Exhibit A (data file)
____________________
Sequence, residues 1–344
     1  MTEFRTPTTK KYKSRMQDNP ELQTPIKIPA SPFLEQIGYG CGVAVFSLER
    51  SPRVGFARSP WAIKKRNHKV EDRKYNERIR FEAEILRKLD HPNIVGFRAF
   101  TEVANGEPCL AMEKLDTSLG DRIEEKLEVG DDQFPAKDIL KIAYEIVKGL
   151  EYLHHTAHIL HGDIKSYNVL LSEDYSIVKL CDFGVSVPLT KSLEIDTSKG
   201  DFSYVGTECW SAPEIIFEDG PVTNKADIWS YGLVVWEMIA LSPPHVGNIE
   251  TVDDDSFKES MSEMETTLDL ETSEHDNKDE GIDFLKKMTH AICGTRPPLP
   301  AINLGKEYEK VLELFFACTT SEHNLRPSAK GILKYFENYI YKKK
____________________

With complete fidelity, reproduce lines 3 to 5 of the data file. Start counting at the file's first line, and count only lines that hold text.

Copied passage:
    51  SPRVGFARSP WAIKKRNHKV EDRKYNERIR FEAEILRKLD HPNIVGFRAF
   101  TEVANGEPCL AMEKLDTSLG DRIEEKLEVG DDQFPAKDIL KIAYEIVKGL
   151  EYLHHTAHIL HGDIKSYNVL LSEDYSIVKL CDFGVSVPLT KSLEIDTSKG